The Indian team might avoid using saliva to shine the ball if advised by doctors to combat the novel coronavirus threat, seamer Bhuvneshwar Kumar said on Wednesday even as the South African team insisted on continuing the practice in the first ODI in Dharamsala. Bhuvneshwar, however, said a decision on this will be taken by the team doctor during a meeting later on Wednesday. “We have thought about this thing (not using saliva) but I can’t say right now we will not use saliva because if we don’t use saliva then how will we shine the ball,” the 31-year-old pacer, who is returning after recovering from sports hernia surgery, said on the eve of the first ODI.
“We will get hit and you people will say you are not bowling well. But it’s a valid point (concern) and let’s see we will have a team meeting today and whatever instruction we get or whatever is the best option, we will do that.
“It all depends on the team doctor and what advice he gives us,” he added.
However, South Africa skipper skipper Quinton de Kock said the visitors will continue with it as they are not affected by the virus.
“We understand the corona thing but it doesn’t change. Hygiene is a big thing. Washing hands, the way you cough or sneeze. It’s about making sure how you personally maintain hygiene and if you do so you will be alright. Be aware of what you touch, just be careful,” de Kock said.
“There are some fine lines but I think both the teams are healthy. We have been tested on our way to India so I think we will still shine the ball. Our team doctor and management have made sure that we all are fit and don’t have coronavirus so we will keep the ball shinning,” he added.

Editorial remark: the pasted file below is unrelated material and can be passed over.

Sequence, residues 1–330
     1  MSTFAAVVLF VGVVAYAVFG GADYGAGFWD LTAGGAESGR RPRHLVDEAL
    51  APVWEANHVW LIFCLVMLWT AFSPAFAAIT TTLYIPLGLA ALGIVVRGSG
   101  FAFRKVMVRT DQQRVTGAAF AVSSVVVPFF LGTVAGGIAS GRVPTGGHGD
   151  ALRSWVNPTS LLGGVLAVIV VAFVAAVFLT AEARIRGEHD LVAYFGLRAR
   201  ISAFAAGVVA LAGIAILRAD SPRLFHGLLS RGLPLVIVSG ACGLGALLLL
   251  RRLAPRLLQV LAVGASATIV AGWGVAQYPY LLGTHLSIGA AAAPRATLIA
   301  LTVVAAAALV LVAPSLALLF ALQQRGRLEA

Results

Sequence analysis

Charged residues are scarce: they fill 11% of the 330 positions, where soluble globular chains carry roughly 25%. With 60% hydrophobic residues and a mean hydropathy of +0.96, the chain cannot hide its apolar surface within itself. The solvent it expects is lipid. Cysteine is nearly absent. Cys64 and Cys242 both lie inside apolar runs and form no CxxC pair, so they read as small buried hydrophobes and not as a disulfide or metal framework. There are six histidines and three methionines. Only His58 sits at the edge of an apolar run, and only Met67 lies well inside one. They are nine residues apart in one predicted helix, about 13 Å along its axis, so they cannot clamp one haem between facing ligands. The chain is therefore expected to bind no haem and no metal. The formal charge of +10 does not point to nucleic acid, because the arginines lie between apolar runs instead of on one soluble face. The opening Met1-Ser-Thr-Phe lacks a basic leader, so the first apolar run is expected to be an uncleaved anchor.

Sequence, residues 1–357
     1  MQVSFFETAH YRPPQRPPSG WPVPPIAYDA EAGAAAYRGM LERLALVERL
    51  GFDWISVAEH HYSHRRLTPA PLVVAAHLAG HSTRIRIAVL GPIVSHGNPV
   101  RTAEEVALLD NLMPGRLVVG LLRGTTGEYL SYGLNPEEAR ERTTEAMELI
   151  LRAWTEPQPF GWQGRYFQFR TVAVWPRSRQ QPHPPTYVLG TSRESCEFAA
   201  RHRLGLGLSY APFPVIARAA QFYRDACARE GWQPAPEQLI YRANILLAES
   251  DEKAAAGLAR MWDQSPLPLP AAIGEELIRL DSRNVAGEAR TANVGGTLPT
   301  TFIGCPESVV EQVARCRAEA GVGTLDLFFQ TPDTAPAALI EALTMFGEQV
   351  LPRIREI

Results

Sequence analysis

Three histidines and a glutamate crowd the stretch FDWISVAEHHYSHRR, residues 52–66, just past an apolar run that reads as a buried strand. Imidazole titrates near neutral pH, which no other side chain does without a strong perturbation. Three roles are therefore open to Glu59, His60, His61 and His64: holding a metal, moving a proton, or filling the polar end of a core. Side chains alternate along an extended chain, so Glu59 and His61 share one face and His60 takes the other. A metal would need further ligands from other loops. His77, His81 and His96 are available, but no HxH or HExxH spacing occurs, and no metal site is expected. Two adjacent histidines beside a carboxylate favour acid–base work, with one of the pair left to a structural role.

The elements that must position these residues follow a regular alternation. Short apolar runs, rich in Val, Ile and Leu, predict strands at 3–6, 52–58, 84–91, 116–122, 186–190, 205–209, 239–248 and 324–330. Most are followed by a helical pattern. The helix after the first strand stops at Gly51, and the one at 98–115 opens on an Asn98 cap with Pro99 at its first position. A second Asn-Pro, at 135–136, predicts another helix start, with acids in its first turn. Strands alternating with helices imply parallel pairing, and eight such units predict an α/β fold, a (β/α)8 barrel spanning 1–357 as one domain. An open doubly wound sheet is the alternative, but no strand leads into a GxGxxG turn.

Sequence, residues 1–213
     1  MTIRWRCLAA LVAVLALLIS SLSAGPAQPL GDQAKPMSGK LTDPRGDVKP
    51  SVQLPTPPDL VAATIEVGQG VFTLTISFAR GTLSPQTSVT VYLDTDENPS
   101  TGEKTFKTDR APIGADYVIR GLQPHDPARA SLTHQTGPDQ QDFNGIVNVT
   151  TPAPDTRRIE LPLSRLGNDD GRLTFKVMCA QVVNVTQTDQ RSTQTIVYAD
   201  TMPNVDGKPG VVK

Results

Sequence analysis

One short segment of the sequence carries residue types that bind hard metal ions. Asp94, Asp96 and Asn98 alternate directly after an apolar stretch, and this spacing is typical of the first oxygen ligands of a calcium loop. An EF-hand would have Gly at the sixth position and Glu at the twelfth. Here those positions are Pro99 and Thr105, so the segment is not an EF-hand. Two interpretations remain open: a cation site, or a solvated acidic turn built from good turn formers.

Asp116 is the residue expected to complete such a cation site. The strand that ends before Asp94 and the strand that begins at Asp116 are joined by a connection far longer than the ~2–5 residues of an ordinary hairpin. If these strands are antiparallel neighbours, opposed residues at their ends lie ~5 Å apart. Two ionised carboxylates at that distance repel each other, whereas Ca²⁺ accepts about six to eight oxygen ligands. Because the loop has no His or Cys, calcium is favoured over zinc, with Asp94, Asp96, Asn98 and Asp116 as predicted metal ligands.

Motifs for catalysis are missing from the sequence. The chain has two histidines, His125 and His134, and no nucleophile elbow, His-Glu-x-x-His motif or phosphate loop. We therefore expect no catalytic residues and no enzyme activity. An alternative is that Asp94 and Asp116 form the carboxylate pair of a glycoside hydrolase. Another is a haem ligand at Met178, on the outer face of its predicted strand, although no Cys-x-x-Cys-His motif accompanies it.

Amid the fast-spreading infection, which has claimed over 4,000 lives globally, Bhuvneshwar said they are taking every possible precaution.
He, however, refused to speculate on whether the upcoming Indian Premier League will be disrupted by the deadly disease.
“You cannot say anything right now because it’s taking a dangerous situation in India. But we are taking every precaution we can take. We have a team doctor with us and he is giving us instructions about dos and don’ts. So we hope it won’t go (spread) much further,” he said.
Just like other teams, the Indian players have also been advised to stay away from fans.
“But we cannot avoid fans because they love us, they support us. In the meantime, we can try and not to get too close to them. We can avoid as much as we can,” he said.
South Africa coach Mark Boucher had said that the Proteas could avoid the customary handshakes during their stay in India in the wake of the outbreak.
Despite the COVID-19 wreaking havoc worldwide, South Africa went ahead with the tour only after their medical and security team gave the green signal after doing a risk assessment.
The second match of the series will be played in Lucknow on March 15 and Kolkata on March 18.